Student perspective: Effective virtual group studying

Note: This post was written during the covid-19 pandemic. While university teaching is no longer 100% online, online learning is here to stay… whether in the form of online lectures or simply a quick Teams/ Zoom/ Skype call with your project group. So we think this blog post is just as relevant as ever! Now read on…

by Iskandar Bin Suhaimi, Bristol Futures Advocate

Since the lockdown, a lot of teaching and learning has been moved online. This would invariably affect your personal study sessions either with friends or your tutors. In light of this, I have compiled a few pointers on how to make virtual learning more manageable and effective, so read on!

  1. Choose the right platform

Different platforms offer different features. Skype Business has extended features which the University has made free for all students (see: A rising rival to consider is Zoom; solid option in terms of stability. Alternatively, Discord offers interesting templates for studying. No shortage of options here.

  1. Set goals and a structure

The whole of first year my group study was nothing but gossiping and getting distracted. Don’t be me. Instead, try listing down your goals, allow time for discussion, and stick to it. I find using checklists especially helpful in staying focused, and tutorial guides a great starting point in creating a study plan.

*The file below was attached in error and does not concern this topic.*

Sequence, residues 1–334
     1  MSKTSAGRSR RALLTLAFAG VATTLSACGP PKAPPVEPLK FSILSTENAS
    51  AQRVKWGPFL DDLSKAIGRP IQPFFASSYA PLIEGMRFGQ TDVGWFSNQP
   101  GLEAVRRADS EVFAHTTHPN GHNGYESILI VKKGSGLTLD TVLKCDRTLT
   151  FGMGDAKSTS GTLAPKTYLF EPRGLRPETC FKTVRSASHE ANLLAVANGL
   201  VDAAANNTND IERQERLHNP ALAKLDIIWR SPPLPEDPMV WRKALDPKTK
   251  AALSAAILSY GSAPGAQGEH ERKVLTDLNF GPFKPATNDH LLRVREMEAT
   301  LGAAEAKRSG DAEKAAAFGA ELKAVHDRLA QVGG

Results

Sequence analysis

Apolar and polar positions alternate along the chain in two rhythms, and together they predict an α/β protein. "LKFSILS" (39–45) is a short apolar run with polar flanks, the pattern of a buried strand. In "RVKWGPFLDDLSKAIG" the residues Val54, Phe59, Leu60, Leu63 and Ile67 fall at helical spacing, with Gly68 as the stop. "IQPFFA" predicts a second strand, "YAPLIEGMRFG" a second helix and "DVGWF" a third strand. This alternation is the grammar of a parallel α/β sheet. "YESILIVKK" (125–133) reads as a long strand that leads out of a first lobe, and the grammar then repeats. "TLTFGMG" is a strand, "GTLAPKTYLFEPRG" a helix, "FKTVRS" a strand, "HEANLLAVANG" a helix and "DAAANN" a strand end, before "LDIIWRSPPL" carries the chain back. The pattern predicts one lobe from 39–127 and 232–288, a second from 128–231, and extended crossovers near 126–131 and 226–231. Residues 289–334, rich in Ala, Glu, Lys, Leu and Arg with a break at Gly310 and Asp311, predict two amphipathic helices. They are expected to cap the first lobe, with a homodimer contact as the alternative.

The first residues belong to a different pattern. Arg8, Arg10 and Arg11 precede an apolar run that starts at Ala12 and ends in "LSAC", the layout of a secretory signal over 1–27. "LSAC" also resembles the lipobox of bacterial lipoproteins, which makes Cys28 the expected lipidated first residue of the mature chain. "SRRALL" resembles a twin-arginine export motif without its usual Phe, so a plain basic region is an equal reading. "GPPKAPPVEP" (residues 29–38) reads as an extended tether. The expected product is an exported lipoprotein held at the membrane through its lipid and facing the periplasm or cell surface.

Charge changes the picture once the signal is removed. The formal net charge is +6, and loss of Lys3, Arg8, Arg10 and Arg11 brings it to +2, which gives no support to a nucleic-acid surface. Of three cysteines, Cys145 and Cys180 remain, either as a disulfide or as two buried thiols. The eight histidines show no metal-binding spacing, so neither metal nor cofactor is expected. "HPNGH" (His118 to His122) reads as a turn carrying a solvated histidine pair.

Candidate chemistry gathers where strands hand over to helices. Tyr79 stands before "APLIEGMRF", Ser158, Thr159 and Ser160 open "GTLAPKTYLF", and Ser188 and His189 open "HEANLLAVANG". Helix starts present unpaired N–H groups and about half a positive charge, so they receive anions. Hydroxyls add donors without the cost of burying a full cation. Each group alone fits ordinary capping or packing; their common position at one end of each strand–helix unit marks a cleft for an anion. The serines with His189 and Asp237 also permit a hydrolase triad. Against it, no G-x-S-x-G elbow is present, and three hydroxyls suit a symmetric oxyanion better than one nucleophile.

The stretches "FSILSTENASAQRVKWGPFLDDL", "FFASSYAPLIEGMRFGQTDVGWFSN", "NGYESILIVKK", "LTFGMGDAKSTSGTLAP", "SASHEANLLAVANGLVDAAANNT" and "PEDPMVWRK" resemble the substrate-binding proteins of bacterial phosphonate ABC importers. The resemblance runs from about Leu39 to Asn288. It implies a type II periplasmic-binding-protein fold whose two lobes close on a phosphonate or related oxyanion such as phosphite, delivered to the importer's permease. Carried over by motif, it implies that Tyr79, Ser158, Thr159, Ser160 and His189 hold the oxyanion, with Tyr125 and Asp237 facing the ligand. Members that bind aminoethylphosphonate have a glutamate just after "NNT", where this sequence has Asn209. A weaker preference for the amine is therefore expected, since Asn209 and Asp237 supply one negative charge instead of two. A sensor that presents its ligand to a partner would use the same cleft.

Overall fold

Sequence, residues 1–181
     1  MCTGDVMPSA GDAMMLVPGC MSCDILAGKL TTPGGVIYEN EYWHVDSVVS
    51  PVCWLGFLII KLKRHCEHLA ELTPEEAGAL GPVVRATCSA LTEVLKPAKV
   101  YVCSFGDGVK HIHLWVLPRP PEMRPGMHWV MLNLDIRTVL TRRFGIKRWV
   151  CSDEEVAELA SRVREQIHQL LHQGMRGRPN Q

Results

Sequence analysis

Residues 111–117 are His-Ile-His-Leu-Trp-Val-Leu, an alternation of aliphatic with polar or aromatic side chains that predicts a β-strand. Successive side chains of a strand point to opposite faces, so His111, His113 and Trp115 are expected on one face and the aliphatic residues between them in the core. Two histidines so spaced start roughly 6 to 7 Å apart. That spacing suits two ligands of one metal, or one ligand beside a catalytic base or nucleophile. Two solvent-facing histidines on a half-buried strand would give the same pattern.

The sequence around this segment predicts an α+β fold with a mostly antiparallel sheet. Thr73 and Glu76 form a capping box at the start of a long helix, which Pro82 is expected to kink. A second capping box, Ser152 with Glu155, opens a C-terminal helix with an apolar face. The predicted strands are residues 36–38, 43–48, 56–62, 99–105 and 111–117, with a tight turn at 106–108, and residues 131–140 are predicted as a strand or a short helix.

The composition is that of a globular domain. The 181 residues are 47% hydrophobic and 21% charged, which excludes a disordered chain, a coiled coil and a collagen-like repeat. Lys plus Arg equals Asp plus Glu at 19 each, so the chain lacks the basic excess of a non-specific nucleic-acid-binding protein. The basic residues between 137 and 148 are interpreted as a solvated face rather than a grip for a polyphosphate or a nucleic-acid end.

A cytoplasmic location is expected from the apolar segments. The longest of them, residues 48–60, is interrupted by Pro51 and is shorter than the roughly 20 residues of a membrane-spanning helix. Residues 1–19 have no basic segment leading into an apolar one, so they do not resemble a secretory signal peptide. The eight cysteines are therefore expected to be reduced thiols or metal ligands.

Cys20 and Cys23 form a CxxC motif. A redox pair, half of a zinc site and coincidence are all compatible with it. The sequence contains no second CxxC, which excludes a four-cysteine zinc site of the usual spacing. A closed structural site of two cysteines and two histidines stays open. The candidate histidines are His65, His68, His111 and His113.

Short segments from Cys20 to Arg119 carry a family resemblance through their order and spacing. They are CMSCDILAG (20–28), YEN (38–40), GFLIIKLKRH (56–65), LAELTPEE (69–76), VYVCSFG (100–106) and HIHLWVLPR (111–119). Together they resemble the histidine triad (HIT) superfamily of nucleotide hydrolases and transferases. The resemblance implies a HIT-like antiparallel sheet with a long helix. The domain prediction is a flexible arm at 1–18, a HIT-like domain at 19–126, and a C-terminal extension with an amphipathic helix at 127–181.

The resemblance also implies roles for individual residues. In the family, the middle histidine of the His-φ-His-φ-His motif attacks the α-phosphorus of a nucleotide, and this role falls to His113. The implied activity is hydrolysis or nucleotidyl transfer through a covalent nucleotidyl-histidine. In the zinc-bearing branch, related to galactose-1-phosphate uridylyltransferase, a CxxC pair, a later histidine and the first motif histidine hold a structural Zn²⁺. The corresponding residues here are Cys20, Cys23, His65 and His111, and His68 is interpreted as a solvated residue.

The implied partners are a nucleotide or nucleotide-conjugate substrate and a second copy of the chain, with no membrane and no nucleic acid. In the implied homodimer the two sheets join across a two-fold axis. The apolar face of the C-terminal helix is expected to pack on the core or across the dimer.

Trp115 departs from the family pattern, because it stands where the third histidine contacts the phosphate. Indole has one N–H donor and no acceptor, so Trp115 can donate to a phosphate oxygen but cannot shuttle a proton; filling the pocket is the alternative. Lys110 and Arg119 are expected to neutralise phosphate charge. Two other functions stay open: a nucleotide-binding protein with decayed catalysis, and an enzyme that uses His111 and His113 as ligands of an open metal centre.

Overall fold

1. Delegate tasks beforehand

Ensure everyone is ready to contribute by assigning work beforehand. You’ll find discussions run more smoothly and you can focus on bolstering each other’s knowledge rather than spend awkward minutes reading silently (trust me – I’ve been there)

  1. Use a shared work platform

Trello is a great platform to centralize your group project materials although I find that it takes a while getting used to. If you prefer simpler technology, Google Drive is the way to go. You’ll be able to access each other’s notes all in one convenient place and it definitely beats having to email each other every time.

  1. Practice good online study etiquette

Turn off your mic when you’re not speaking. Update each other on your progress. Never, directly edit on someone’s original documents. A little courtesy goes a long way.

Most of all, remember that it is a difficult time for everyone so don’t panic if it’s hard to be productive! However, if you’ve managed to do so why not help other students by sharing your own tips?


1 thought on “Student perspective: Effective virtual group studying

  1. Love these suggestions – I find it’s productive to arrange a set time and place each week to meet, so that you get held accountable for working to a timeline – especially since our exams just got released. I’ve never actually used Trello, but might give it a go!

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